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Phumelela Rationalise

Vodacom Durban July threat

Phumelela executives met with officials of the Academic and Professional Staff Association (APSA) on Tuesday afternoon following media reports that the trade union was planning to disrupt this Saturday’s Vodacom Durban July at Greyville.

The Durban July is Africa’s most famous horserace and is staged by Gold Circle, the horseracing and tote betting company in KwaZulu-Natal.

After Tuesday’s meeting Phumelela decided to amend its offer to Betting Division staff.

This revised offer has been submitted to APSA officials and Phumelela is now awaiting a response.

Phumelela is optimistic that an amicable solution will be reached with the trade union.

The company recently undertook a Section 189 A retrenchment process, facilitated by the CCMA, because it has no option but to close a number of stores that are not operating profitably.

Simultaneously, several duplicated roles have been rationalised.

Phumelela regrets the loss of jobs, but as is the case with numerous other companies, the current state of the South African economy leaves the company with absolutely no choice but to rationalise its operations.

  • Press release published by Phumelela Gaming & Leisure on Wednesday 3 July 2019

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6 comments on “Phumelela Rationalise

  1. beatle says:

    Sad state of affairs – the slow decline of horseracing which I feel is due to bad management and past powers mainly one person in particular – hopefully one day he gets his day of justice

  2. Vinsesh says:


  3. Brendon says:

    “a leopard never changes its spots” The Unions are well aware of the beast that it’s dealing with!

    I have in my possession a copy of one of the Section 189A (of the Labour Relations Act, to effect retrenchments for operational requirements) letters issued by Phumelela to “Affected Parties” and “Labour Representatives” dated 25 June 2019, signed by CEO: Betting and Media – Phumelela Gaming and Leisure Limited. If you read this letter, you get a distinct feeling that one party is steamrolling the other because they feel they are well within their rights to do so. I received this letter from the Secretary of on of the trade unions who reached out in disbelief that Phumelela issued these letters before the agreed “consultation process” was completed. The parties agreed that such a process would run until 30 June 2019 and as such this letter was issued in bad faith and contrary to the agreed process by the parties.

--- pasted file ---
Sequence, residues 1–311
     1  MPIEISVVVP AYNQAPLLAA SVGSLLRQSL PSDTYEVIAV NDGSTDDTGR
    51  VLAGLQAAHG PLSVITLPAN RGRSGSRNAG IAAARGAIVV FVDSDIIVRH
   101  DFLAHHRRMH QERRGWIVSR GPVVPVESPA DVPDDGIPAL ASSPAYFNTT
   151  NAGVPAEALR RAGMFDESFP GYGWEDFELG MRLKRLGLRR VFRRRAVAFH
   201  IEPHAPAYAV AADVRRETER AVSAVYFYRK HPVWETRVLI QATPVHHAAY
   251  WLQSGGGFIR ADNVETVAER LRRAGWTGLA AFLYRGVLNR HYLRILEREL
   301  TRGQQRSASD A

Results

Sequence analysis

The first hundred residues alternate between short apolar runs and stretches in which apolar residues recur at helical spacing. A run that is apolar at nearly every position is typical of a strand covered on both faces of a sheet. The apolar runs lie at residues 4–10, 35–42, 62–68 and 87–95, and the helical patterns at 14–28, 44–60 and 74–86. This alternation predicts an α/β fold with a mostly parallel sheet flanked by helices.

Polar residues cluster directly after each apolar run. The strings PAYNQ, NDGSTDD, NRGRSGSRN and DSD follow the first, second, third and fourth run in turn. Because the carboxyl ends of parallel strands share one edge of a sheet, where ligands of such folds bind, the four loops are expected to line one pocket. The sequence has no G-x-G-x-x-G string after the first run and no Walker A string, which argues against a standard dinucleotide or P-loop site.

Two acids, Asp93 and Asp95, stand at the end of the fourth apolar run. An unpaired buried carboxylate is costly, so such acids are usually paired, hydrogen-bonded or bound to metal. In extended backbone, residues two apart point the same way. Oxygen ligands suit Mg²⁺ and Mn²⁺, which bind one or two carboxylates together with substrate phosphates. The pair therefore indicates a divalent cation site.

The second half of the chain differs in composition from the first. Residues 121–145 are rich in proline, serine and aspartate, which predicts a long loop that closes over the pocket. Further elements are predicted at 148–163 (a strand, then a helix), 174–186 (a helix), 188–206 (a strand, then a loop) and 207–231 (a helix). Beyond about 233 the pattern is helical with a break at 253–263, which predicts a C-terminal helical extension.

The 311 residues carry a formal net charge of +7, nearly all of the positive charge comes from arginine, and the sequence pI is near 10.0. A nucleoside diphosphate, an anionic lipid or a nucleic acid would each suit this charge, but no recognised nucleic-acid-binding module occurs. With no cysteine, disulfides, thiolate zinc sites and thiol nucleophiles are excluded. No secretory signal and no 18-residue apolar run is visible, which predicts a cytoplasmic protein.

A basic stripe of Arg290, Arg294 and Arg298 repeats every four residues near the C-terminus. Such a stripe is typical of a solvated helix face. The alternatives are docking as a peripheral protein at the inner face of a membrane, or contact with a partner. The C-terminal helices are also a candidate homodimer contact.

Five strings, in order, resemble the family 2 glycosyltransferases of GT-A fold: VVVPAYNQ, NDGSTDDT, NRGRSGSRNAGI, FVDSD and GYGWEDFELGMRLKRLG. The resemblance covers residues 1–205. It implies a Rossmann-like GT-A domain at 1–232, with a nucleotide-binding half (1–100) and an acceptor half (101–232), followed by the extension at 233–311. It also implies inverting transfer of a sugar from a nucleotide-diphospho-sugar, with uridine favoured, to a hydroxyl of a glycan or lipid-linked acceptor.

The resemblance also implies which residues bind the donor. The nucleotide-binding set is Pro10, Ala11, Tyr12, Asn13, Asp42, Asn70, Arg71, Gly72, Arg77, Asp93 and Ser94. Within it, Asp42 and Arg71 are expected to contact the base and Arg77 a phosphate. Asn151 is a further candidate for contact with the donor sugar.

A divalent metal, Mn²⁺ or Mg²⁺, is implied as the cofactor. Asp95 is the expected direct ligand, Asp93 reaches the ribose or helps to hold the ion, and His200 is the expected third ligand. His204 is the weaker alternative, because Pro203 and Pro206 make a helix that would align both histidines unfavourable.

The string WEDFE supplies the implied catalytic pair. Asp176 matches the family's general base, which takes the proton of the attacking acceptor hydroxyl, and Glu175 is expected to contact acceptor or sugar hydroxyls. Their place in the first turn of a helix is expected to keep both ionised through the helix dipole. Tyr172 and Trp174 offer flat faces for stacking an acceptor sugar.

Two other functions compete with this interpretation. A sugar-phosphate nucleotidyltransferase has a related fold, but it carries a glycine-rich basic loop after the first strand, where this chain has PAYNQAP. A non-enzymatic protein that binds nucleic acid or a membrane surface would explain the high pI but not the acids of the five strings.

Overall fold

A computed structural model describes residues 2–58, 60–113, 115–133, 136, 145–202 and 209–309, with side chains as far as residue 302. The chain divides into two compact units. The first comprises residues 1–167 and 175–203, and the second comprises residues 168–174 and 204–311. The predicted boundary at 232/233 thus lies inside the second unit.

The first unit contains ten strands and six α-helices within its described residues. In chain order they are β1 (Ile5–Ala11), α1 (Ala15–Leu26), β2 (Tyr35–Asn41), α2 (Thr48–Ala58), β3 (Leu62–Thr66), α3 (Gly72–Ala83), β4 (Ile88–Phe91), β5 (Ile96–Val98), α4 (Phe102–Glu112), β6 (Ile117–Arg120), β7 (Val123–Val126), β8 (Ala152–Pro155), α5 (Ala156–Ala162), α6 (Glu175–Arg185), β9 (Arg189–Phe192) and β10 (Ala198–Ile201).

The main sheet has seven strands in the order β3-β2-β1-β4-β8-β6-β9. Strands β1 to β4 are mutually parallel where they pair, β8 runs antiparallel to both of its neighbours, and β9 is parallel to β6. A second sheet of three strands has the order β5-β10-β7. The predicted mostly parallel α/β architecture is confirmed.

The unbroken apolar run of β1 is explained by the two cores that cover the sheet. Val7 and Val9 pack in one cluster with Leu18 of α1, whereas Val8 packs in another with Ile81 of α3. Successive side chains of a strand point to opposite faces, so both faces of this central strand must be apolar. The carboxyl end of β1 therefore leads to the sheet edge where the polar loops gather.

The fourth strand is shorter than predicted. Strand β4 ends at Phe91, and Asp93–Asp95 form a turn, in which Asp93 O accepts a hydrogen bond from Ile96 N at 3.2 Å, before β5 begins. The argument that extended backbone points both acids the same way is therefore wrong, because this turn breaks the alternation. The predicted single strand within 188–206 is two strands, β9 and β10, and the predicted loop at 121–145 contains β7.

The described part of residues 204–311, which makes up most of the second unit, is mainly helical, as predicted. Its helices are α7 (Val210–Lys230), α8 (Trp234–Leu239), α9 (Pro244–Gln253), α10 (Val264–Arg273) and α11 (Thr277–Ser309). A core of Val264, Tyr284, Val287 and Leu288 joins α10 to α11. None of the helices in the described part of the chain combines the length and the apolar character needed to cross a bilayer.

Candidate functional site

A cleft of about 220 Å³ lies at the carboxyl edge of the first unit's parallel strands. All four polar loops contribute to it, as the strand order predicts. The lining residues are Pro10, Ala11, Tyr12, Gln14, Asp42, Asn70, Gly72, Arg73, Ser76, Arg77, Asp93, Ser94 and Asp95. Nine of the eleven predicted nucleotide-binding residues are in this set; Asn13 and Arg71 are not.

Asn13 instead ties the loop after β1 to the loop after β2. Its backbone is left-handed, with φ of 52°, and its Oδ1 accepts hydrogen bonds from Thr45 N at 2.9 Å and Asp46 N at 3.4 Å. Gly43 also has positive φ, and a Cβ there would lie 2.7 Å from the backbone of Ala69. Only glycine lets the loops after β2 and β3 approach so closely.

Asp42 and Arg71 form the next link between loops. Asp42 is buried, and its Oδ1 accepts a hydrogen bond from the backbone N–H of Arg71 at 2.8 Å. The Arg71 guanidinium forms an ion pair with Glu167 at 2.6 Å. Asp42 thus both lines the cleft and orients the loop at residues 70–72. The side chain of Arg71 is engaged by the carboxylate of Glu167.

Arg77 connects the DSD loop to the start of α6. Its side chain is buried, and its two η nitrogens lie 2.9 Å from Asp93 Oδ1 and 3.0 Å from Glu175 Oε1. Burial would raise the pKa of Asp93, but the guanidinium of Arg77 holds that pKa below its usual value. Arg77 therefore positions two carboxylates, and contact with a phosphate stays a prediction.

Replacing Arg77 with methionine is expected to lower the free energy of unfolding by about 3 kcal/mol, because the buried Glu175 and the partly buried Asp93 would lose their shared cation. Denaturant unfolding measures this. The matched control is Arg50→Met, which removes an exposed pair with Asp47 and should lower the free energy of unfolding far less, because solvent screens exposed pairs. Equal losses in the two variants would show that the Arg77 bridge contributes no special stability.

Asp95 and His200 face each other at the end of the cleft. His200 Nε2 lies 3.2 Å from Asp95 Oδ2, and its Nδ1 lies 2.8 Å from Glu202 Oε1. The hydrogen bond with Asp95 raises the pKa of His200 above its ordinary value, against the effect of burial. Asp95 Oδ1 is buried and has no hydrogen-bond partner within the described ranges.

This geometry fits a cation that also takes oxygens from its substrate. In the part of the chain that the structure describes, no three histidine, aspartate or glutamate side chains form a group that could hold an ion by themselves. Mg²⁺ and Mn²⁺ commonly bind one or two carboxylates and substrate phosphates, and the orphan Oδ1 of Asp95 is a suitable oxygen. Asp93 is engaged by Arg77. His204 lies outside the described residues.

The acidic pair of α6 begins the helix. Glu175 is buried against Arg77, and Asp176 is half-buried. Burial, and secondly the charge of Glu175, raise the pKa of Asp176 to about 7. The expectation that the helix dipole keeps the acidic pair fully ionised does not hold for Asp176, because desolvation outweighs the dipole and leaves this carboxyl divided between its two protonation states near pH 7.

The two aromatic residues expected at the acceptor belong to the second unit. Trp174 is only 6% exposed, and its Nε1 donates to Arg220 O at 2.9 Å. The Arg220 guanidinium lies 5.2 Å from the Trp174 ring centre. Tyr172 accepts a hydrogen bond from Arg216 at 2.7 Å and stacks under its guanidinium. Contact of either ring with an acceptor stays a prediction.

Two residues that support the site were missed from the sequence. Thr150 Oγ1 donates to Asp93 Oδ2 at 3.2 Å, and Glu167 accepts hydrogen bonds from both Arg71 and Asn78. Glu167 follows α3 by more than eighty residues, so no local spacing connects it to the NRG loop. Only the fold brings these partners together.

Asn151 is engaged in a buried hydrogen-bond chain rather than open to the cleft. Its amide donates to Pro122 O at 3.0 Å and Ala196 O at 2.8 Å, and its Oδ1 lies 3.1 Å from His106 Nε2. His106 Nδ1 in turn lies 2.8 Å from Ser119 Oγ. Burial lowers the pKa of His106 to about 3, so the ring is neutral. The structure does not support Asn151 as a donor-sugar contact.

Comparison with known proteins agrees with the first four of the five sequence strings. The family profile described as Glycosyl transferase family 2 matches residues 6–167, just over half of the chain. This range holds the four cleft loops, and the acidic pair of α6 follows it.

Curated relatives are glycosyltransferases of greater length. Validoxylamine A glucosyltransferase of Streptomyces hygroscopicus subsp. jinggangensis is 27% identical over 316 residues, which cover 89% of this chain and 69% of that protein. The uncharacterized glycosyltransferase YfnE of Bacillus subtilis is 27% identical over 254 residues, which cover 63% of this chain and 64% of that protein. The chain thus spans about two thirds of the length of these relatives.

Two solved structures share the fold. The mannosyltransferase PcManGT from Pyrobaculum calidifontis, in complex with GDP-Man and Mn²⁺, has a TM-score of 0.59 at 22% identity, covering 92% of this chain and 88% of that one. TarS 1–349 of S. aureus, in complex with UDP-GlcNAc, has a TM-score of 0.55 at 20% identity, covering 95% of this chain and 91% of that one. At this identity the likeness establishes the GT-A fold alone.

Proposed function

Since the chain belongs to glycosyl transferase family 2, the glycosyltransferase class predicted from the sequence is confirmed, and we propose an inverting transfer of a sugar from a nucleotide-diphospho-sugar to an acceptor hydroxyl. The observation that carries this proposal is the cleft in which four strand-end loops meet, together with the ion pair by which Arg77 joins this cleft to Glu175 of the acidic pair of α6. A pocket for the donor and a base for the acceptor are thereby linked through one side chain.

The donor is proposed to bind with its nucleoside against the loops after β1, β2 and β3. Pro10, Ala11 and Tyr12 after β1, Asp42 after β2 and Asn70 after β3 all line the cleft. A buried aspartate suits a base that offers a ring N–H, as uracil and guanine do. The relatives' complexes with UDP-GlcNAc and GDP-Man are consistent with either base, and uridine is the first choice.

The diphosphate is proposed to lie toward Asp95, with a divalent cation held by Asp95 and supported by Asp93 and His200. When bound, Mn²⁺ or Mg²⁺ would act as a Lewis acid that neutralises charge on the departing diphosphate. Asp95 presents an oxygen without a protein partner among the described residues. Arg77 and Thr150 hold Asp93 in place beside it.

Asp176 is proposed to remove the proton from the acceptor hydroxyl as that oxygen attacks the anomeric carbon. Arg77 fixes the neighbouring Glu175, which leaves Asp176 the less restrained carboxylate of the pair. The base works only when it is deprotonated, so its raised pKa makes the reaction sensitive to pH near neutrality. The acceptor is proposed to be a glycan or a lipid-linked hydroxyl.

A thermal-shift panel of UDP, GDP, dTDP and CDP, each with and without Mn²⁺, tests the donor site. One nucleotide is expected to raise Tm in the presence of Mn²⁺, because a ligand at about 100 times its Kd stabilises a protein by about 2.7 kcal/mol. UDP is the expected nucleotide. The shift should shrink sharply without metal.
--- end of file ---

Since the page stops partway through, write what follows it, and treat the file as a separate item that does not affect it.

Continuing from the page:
If the executives of Phumelela were in touch with reality and more importantly with their most vulnerable employees, I am strongly of the view that there was and is no need to retrench employees. If Labour Representatives accept this round of retrenchments, then they must brace themselves for further rounds of retrenchments in the coming months.

    When a company is faced with economic hardship, as is claimed by Phumelela, then one has to ask whether this is material? and if so, does it threaten the sustainability of the company? In light of the fact that the same executives and the board of directors of Phumelela passed a resolution to pay a dividend to its shareholders of R113,7 million to its shareholders (source: Phumelela 2018 Integrated Report), is indicative that their outlook of the business was so positive and their solvency and liquidity was so strong that they didn’t need the R113,7m. This was their view less than 12 months ago!